From -infinity to infinity at the extreme ends do Fourier transforms always converge to 0? I know in the case of signals, you can never have an infinite signal so it does go to 0, but speaking in general if you are taking the fourier transform of f(x) If you do integration by parts, you get a term (f(x)e^ikx evaluated from -infinity to infinity why does this always = 0?
No, not always. If a signal is periodic in one domain then it is discrete in the other domain. So if you have a signal which is discrete in time, then it is periodic in frequency. Since it is periodic in frequency it does not converge to 0 at infinity.
Ok then why is it that we the first term in the integration by parts goes to 0 then regardless of the function (Whether it is periodic or not)? For example when finding the fourier transform of a derivative F[d/dx] = ∫d/dxf(x)e^ikx= f(x)e^ikx evaluated -infinity to infinity -ik∫f(x)e^ikx the first term = 0, why is that? If it were a wave function like in QM then it makes sense because the area under the wave function must be finite and converge to 0 at the extremes for it to have a probability density, but why here?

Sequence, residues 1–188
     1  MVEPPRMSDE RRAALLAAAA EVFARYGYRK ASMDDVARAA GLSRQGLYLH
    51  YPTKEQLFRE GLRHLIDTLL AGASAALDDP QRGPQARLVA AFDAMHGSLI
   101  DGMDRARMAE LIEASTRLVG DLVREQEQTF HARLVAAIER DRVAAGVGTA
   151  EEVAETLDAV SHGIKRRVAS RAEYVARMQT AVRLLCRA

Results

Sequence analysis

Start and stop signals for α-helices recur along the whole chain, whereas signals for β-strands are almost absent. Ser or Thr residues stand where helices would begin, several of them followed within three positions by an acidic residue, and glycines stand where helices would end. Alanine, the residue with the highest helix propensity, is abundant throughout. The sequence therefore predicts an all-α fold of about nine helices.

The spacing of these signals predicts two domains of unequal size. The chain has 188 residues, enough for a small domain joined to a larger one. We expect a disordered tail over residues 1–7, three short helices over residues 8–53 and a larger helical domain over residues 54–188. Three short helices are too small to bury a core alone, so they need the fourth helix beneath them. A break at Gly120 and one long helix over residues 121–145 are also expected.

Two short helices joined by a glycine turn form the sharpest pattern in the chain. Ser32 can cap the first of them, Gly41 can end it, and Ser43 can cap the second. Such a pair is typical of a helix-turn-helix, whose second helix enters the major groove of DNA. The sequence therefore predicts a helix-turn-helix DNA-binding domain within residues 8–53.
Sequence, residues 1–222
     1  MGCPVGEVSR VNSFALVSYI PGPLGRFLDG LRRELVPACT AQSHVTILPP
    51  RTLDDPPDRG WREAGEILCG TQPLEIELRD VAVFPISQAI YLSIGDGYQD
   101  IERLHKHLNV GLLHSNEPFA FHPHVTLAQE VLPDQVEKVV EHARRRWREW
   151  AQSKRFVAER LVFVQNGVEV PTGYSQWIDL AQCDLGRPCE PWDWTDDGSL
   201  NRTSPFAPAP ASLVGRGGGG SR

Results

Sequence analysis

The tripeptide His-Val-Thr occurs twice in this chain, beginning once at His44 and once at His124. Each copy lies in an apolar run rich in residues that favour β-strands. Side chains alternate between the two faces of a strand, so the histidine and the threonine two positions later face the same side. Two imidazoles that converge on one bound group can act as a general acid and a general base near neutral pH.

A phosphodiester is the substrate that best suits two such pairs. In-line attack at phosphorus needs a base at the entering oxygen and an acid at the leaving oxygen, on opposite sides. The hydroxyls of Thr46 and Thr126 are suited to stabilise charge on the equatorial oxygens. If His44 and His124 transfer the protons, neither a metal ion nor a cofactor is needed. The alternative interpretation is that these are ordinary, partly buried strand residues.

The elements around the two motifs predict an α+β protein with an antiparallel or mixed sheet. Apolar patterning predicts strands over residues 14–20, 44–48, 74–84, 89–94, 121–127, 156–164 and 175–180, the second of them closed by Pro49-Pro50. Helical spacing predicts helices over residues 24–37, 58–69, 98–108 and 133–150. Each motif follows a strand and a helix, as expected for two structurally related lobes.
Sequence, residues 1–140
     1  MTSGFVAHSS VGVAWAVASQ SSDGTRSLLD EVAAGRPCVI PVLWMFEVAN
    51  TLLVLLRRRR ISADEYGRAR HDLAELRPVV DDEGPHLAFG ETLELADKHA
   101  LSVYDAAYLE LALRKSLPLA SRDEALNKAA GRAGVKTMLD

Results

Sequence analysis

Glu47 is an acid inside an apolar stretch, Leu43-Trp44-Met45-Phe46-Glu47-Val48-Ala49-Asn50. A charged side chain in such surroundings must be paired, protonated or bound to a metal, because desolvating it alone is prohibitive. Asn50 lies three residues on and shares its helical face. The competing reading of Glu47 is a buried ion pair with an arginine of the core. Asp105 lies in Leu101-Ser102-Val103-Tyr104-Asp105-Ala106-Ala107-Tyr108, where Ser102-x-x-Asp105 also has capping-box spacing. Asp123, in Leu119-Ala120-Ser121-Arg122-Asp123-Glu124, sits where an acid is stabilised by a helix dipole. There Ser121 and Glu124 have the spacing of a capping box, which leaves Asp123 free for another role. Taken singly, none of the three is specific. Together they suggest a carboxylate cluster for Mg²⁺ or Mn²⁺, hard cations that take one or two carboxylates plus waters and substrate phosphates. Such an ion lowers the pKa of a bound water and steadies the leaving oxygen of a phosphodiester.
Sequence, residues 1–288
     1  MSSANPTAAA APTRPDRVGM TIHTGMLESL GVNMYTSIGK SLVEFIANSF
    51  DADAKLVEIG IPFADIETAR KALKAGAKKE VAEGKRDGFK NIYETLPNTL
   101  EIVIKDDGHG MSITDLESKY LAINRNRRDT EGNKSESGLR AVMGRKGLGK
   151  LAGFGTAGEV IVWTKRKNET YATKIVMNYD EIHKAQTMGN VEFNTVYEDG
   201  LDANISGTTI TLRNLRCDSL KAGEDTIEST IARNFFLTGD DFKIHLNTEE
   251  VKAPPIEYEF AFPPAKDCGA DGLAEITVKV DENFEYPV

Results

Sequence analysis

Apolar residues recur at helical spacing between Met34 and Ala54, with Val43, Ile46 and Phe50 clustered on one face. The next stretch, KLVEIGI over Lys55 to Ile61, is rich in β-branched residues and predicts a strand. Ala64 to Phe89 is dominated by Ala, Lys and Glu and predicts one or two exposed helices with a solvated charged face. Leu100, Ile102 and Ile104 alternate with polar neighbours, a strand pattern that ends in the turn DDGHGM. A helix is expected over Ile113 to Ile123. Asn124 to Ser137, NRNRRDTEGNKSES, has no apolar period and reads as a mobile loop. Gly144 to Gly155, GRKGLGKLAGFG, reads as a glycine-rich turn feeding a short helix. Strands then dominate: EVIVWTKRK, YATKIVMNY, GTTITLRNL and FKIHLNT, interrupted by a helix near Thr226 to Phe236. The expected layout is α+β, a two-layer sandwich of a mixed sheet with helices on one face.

I think that the various properties of the Fourier transform all assume that f satisfies the Dirichlet conditions.
The OP is asking about Fourier transforms, not Fourier series (of periodic functions) which is what #2 and #4 appear to be about. A reasonable condition for Fourier transforms to behave sensibly is that ##\int_{-\infty}^{+\infty}|f(x)|dx## is finite. Note that if you use Lebesque measure to define integration, that does not imply ##f(x)## converges to 0 as x tends to infinity. ##f(x)## can take any values on a set of measure zero. (Also note, "reasonable" does not necessarily mean either "necessary" or "sufficient"!) The mathematical correspondence between Fourier series and Fourier transforms is not quite "obvious", since the Fourier transform of a periodic function (defined by an integral with an infinte range) involves Dirac delta functions, and indeed the Fourier transform of a periodic function is identically zero except on a set of measure zero (i.e. the points usually called the "Fourier coefficients"). On the other hand if you integrate over one period of a periodic function, it is a lot simpler to get to some practical results, even if you have to skate over why the math "really" works out that way.